The symphony will perform for live in-person audiences at the Kauffman Center

Ericwilliams Kcsymphony Web
The Kansas City Symphony performing at the Kauffman Center/Eric Williams courtesy of KC Symphony

Another sign that the pandemic is nearing its conclusion: The Kansas City Symphony announced Tuesday that it will welcome live, in-person audiences to the Kauffman Center in May and June.

One day after Mayor Quinton Lucas lifted all occupancy limits for indoor gatherings, the symphony will be back—though it’s keeping well below capacity, with attendance at only 20% of what the venue seats.

“We will again feel the exhilaration of being together with our audiences in Helzberg Hall,” Music Director Michael Stern said in a press release. “At no point during this season or last did the music ever stop for us. We brought music around the community all season long, and I was grateful for all the internet connectedness that our digital world afforded us. But there is no substitute for the special communion that occurs between all of us on stage and those listening in person, surrounded by the miraculous acoustics of Helzberg Hall.”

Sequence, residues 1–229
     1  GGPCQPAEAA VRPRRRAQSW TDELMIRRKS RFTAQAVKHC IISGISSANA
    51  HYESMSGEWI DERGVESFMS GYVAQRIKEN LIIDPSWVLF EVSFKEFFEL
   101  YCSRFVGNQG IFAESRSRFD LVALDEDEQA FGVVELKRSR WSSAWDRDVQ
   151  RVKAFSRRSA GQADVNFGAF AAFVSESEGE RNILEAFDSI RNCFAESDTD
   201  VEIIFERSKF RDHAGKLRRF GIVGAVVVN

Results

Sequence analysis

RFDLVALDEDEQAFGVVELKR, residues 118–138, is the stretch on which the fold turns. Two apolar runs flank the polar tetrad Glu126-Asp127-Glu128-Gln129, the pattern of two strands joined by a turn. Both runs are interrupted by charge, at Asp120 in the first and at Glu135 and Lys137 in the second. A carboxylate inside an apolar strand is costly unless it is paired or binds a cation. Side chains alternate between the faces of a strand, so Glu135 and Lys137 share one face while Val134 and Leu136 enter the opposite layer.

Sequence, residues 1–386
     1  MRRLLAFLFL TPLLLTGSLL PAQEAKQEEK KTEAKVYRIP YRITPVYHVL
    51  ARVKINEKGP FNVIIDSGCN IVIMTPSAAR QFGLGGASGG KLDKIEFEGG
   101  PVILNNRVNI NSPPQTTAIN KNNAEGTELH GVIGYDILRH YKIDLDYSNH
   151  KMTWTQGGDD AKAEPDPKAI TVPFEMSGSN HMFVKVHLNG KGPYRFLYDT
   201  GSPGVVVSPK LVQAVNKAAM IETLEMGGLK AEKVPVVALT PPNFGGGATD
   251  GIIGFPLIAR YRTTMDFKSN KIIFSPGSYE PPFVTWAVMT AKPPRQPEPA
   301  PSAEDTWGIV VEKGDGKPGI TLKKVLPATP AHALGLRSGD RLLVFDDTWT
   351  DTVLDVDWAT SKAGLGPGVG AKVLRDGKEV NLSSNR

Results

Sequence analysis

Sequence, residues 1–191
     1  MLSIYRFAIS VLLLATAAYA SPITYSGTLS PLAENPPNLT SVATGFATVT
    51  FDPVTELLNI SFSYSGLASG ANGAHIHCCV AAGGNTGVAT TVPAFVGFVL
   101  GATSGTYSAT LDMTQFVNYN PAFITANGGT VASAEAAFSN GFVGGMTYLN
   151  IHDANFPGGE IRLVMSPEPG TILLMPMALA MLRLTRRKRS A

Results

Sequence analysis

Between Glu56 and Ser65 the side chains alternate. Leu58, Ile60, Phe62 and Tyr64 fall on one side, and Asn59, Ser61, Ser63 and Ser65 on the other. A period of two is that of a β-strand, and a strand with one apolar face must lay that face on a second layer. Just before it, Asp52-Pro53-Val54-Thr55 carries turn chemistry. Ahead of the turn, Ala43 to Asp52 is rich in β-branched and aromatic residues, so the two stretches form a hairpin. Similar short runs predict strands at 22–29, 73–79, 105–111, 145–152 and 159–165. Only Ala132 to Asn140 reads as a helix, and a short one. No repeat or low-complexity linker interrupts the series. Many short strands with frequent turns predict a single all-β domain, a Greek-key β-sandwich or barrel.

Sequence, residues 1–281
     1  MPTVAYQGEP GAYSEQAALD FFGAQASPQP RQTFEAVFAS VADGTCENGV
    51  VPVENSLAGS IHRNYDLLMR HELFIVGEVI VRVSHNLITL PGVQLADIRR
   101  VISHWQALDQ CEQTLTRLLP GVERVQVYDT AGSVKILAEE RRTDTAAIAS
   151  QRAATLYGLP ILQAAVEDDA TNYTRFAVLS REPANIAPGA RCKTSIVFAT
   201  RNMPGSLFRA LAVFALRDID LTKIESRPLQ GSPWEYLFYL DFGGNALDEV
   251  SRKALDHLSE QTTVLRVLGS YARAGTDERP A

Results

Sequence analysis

The first piece to be performed upon return on Wednesday, May 26? Appropriately, it’s Aaron Copland’s uplifting World War II-era “Fanfare for the Common Man.” That show will also include Atlanta-born composer Carlos Simon’s “The Warm Of Other Suns,” a new piece about the Great Migration of African Americans to the north following industrualization. It’s based on a Pulitzer-winning novel.

The symphony’s Executive Director Danny Beckley says he’s been working with KU Med, which has advised them on how to “maximize the safety of all involved.”

“We believe that we can safely perform for live audiences once again,” he said in the press release. “There will of course be protocols in place, such as seat distancing requirements, mask mandates and extensive cleaning procedures. But it is time for our return to in-person attendance, and we couldn’t be more excited.”

The full schedule is here.

Categories: Music